It’s tempting for a visitor to think that they can just turn up in the wilderness on Scotland and see some of its iconic wildlife. Below are some tips before you plan for a trip:
What makes Scotland a Special Place for Watching Wildlife?
There’s no question that Scotland is a haven for wildlife. Its range of habitats together with the remoteness of large areas of the country has meant that many species have hung on here when they have become extinct elsewhere in the United Kingdom. Otters, golden eagles, wildcats, capercaillie and red kites are just some of the species which live here.
There are four reasons Scotland is appealing for visitors keen to see some wildlife:
– The scenery – Scotland’s forests, mountains and coast are not only spectacular but internationally known
The wildlife itself, which is particularly appealing – from the cuteness of the otter to the comic sight of a capercaillie or the majesty of a golden eagle
– Accessibility – Scotland offers a huge range of habitats in a relatively small area
– Infrastructure – a number of opportunities are available, from hides at nature reserves to dedicated holiday companies.
– Wildlife Watching For the Casual Visitor
Perhaps the most obvious places are the wildlife parks where the animals are kept in captivity.
Probably the best known of these is the Highland Wildlife Park at Kingussie. An outpost of Edinburgh Zoo, the park offer the chance to see some of the more elusive creatures – such as pine martens and Scottish wildcats – as well some of those which are no longer found in the wild, such as wolves and lynx. Set among remnant pine forest, the park is also frequented by native birds and by red squirrels.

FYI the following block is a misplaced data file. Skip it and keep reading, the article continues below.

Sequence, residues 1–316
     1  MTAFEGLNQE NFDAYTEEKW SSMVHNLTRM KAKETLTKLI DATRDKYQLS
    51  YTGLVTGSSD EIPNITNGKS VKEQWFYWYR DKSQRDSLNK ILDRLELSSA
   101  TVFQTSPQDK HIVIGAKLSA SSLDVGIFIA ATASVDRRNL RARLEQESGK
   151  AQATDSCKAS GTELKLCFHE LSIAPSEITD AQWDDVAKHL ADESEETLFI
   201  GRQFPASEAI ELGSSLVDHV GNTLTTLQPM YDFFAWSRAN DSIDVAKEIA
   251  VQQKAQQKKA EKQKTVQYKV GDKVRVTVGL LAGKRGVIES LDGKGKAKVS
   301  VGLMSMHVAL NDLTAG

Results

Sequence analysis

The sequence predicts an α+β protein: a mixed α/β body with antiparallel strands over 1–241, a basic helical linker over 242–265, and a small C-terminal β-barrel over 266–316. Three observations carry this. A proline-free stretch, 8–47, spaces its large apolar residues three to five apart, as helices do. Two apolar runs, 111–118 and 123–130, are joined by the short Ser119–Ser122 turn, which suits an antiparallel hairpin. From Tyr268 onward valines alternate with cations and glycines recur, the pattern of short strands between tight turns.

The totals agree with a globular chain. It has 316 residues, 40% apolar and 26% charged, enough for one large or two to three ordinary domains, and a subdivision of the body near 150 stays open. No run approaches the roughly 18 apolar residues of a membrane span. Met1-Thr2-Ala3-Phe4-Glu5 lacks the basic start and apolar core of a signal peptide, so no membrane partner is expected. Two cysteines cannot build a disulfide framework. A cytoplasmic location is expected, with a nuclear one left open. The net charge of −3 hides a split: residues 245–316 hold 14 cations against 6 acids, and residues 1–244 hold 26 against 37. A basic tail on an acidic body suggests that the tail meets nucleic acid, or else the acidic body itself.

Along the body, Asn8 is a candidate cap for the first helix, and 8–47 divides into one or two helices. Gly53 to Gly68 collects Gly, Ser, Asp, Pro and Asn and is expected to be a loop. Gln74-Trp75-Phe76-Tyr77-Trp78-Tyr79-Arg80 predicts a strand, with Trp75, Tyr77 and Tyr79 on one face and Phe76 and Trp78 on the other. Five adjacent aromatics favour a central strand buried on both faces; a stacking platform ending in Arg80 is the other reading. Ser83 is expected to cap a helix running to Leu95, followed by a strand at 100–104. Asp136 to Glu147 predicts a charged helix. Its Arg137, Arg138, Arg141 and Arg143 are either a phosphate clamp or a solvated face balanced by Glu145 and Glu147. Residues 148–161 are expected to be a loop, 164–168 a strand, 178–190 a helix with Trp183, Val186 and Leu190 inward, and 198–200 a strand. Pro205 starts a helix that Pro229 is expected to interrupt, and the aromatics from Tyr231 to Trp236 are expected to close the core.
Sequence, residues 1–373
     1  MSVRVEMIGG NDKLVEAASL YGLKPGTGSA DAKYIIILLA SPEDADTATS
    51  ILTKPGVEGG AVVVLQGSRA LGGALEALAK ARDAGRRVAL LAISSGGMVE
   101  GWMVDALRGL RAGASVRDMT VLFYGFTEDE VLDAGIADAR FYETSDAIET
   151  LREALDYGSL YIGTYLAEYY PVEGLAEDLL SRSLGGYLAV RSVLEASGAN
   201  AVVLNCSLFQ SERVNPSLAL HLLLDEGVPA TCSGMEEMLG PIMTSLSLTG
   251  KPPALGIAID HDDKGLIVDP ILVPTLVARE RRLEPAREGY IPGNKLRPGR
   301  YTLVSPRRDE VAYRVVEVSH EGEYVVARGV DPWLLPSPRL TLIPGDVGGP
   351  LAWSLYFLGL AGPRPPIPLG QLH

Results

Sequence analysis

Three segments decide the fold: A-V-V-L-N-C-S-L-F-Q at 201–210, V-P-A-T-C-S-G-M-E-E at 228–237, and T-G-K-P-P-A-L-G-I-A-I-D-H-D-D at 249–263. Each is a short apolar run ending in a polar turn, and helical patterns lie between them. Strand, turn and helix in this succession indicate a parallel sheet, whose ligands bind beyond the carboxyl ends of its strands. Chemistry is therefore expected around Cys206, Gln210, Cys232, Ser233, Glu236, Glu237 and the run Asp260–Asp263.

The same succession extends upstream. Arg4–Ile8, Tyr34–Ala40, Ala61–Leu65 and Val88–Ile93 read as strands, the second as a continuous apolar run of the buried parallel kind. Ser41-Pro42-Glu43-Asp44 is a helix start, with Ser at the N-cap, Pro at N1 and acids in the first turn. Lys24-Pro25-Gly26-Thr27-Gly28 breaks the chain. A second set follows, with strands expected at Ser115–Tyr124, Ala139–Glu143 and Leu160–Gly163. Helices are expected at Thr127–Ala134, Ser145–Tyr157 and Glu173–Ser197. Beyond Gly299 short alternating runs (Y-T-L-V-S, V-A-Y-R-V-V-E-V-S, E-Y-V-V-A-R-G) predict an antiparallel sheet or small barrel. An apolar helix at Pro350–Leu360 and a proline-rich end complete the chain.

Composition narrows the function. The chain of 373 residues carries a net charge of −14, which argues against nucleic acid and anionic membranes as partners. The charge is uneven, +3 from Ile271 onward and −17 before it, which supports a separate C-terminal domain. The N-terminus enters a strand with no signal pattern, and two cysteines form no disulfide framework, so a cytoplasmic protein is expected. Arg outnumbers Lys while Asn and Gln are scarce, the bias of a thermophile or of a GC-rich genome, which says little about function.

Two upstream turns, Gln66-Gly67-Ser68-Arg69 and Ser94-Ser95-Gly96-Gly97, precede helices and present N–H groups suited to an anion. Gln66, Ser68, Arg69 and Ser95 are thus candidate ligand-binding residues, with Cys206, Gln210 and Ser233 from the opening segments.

Throughout Scotland there are other opportunities, with visitor centres and bird hides abounding on nature reserves. There are centres to view red kites at Argaty in Perthshire, and in the Black Isle; while on Mull there are hides for viewing sea eagles. Other wildlife sites have visitor centres with interpretation facilities giving clues on what to look for, while many offer ranger services and guided walks.
Day Trips For the Wildlife Watcher
For those who are after something more than a casual look, there are plenty of opportunities for viewing wildlife right across Scotland. Of course, as with any safari world-wide there’s no guarantee of a sighting; but it’s undoubtedly more likely that a visitor will see something if accompanied by someone who knows what to look out for and the best places to go.
There are numerous day or half-day guided trips across Scotland, some seeking out specific species, such as eagles or red kite, and others of a more general nature. Some can be tailor-made. These tours are led by expert guides.
For those who are looking for something more intensive than just a casual walk in the woods or a day trip, there are several specialist operators who run wildlife holidays n Scotland – both weekend breaks or longer holidays. These holidays are usually all-inclusive in quality accommodation and programmes of walks and trips are designed to see as many animals and birds as possible.
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